Simple Tips To Combat The Menopause
So this blog has taken a little longer than I had hoped, but now Christmas has been and gone and we have moved house, I can finally sit down and write up our successful Menopause talk.
Thank you to the 26 women who came and had a giggle at the little and large show, helping Imelda and I to raise over £175 to the Royal Marsden Cancer Charity. As promised, we have summed up the talk into 'take home pointers' so those who missed it can hopefully learn something new, and for those of you who came we have given the top tips and strategies that we covered - enjoy.
Firstly, how do you know you have had your menopause - simply put, it is 12 months without a period, which happens at the average age of 51 but bear in mind that 1 in 100 reach this point before they are 40. As many of you will have either heard or know, menopause can bring along some not so pleasant symptoms, in fact 70% of women will have menopause symptoms. These vary from:
These are a common, unpopular side effect of the menopause and normally last about 2 years, but some ladies can suffer for over 15 years. So how can you combat them - well known options are to lose weight if you are obese, and cut down on your alcohol and caffeine. However some other options include include soy into your diet (if your body can tolerate it). Soy can reduce hot flushes, but it is also known to increase calcium absorption in the intestines - great for improving bone density. A sage supplement, flax seeds and believe or not wearing a magnet in your pants (yes you read that right) can also reduce hot flushes!! One thing to remember is that every women’s menopause is unique to her, so what works for one person may not work for another, so keep trying different options, making sure you only try one at a time so you know which is working.
Basically you can experience symptoms similar to how you felt as teenager (great time to get your own back on your girls ;-) ) To help improve your mood here are a few simple options:
- Make sure you don’t cut out all carbs as your brain needs these for energy, just opt for more complex versions.
- Increase your vitamin B intake as this group of vitamins are involved in many aspects of brain function, so opt for eggs. oily fish, brown rice, cheese, fish and offal.
- Aim to control your blood sugar, so combine your complex carbohydrates with lean protein, and eat regularly - avoiding skipping meals.
- One of the proteins you may wish to increase in your diet is your tryptophan levels as this amino acid helps to increaseserotonin, so eat more turkey, cheese, oats and legumes
Sleep disturbances can be caused by many menopause factors - hot flushes, changes in hormone levels and night sweats, which all work to increase your adrenaline levels, keeping you awake at night. There are many strategies to help you sleep. One of them is to make sure you eat complex carbohydrates before you go to bed, and avoid high levels of protein, sugar, fat and liquids just before bed. Other nutritional tips are to reduce alcohol and caffeine (sorry). Another area to think about your sleep habits - we only have one body clock so the best way to regulate it is to go to bed and get up at round the same time every day. That way your body clock can get into a regular rhythm. You could also opt for a warm bath before bed, valerian root tea, or lavender spray on your pillow.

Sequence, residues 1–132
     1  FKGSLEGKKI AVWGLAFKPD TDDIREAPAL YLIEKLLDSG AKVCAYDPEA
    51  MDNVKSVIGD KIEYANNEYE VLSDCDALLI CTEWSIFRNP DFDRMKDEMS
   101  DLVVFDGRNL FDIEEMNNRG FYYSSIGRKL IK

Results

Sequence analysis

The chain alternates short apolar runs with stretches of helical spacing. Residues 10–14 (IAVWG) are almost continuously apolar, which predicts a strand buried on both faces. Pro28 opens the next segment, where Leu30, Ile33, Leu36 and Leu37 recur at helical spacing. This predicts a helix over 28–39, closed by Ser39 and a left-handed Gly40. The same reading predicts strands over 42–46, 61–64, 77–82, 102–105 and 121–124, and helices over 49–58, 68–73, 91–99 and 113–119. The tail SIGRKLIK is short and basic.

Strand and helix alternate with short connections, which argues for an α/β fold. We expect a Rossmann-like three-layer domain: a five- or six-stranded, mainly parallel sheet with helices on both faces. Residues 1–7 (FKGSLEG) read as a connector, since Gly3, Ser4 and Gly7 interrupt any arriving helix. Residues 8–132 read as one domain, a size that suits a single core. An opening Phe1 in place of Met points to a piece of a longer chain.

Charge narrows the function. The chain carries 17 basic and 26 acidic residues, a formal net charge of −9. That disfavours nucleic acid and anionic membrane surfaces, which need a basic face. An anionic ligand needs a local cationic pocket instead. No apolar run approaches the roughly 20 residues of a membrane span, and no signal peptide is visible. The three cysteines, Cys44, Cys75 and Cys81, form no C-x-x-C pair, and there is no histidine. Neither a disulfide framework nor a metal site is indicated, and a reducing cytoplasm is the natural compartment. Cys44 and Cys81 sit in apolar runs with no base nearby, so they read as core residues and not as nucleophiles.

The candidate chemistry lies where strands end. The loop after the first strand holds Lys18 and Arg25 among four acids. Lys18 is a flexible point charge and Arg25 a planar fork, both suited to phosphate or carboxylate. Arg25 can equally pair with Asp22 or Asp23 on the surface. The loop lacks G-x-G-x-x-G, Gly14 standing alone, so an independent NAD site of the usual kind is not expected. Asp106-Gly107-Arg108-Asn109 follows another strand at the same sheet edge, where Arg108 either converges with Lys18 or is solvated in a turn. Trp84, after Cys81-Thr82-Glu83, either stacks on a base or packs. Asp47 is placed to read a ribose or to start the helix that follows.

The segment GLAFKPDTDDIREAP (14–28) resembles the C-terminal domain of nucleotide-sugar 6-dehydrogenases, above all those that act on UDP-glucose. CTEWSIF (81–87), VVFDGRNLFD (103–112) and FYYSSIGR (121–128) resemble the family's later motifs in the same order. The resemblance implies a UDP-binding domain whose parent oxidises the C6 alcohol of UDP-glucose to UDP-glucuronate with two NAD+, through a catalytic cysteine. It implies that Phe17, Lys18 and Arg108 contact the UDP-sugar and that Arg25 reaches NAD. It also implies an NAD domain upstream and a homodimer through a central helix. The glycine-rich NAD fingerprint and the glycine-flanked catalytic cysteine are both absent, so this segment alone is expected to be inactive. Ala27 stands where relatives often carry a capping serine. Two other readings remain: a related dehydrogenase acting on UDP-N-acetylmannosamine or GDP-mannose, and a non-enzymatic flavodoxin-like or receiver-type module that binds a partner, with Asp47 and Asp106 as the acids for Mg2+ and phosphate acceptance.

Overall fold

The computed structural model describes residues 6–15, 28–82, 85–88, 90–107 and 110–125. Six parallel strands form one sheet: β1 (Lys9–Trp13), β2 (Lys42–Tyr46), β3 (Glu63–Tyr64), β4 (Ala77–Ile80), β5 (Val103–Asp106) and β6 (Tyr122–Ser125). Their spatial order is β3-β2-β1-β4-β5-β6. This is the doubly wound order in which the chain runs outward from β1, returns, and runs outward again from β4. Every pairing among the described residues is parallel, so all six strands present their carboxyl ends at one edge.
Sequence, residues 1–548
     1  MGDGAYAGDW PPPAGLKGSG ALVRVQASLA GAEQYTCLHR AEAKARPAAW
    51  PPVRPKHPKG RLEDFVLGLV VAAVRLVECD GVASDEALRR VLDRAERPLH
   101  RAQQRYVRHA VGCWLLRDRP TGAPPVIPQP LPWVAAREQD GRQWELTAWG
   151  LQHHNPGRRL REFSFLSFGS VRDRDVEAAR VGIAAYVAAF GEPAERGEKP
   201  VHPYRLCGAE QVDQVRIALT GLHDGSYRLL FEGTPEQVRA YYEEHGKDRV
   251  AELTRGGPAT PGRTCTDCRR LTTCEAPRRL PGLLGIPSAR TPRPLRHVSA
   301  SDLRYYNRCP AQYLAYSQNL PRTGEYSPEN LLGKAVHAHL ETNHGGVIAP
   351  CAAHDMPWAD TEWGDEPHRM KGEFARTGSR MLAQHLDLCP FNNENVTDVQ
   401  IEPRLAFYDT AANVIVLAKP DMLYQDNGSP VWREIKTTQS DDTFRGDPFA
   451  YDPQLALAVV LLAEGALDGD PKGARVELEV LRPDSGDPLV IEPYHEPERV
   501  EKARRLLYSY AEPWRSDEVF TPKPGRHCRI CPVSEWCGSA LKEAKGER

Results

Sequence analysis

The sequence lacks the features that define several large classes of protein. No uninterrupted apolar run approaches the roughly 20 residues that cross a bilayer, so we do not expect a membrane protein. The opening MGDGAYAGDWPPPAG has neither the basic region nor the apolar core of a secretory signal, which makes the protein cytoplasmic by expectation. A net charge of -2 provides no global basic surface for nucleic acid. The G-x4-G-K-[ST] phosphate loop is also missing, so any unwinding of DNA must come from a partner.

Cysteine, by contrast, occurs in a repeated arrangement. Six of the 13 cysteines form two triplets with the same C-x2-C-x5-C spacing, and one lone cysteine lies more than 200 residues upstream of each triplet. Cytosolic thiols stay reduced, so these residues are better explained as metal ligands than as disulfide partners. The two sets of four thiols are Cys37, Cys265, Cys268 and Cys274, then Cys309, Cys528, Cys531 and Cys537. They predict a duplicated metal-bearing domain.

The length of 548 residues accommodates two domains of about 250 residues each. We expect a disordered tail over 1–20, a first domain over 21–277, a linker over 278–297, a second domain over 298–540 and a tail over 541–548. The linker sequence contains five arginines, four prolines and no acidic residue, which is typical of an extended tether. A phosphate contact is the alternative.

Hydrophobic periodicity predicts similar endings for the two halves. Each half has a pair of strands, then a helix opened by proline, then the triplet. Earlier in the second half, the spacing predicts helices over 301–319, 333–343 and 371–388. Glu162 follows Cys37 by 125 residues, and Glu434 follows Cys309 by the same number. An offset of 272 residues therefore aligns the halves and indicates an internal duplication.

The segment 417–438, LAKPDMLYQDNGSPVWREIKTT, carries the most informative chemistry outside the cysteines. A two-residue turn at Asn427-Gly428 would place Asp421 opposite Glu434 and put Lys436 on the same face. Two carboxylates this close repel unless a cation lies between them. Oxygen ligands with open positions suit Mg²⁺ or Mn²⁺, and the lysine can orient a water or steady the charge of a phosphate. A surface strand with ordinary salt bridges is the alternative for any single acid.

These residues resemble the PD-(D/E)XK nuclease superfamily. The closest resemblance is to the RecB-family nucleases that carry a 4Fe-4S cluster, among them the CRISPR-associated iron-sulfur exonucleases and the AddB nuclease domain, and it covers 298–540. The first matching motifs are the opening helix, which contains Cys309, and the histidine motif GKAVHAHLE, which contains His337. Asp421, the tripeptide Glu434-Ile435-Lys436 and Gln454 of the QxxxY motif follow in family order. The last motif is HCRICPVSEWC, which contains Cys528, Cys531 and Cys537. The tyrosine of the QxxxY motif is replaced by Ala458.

As our hormone levels change, it affects our joint health, and can commonly cause problems for backs, hips, knees, wrists and fingers. This area is a little trickier to deal with, but by using foam rollers and balls, introducing a stretch regime and making your muscles as balanced as possible, you are helping your joints as much as you can. And don’t forget your posture
Reduces Bone Density
1 in 2 women post menopause will suffer with osteoporosis, the silent disease. Due to the changes in our hormones, the balance between bone building cells and bone clearing cells alters causing more clearing away of bone and less building. The most important factor is to include some weight bearing and resistance training activities in your exercise routine as this helps to boost bone density. This doesn’t always need to be gym based, you can get gardening and digging, brisk walking, running, aerobics or any toning work. Nutrition wise increase your calcium levels and vitamin K levels ( cabbage, cashew nuts, dairy products, kale and sesame seeds), whilst also reducing your phosphorous levels that can be found in red meat, processed foods and fizzy drinks.
Sadly this is due to those pesky hormone changes again, making it easier to gain weight and harder to get rid of, especially around the waist. I could write a whole blog on this easily, but to sum up on the key areas you may want to look at addressing -
- Reducing stress levels as this increases your cortisol levels, which tells your body to store fat rather than burn it, especially around the tummy
- Use interval training where you can as this burn the most calories and also has some other great health benefits (reduced risk of heart disease, diabetes, stroke etc)
- Think how much you are eating - are you eating too much - passed the point of no longer being hungry. If you eat healthier but think you may over eat, look at mindful eating
- Look at what portions make up your plates - aim for a fistful of complex carbs, a palmful of lean protein, a handful of veg and a thumb end of healthy fat.
- To repeat myself - include some form of toning and/or weight training as this helps build lean muscles, which in turn burns more calories in everyday life.
There are many other menopause symptoms, but we have just touched the iceberg with the 6 big ones. But remember, don’t suffer in silence - there is plenty of help out there, just ask us if you need pointing in the right direction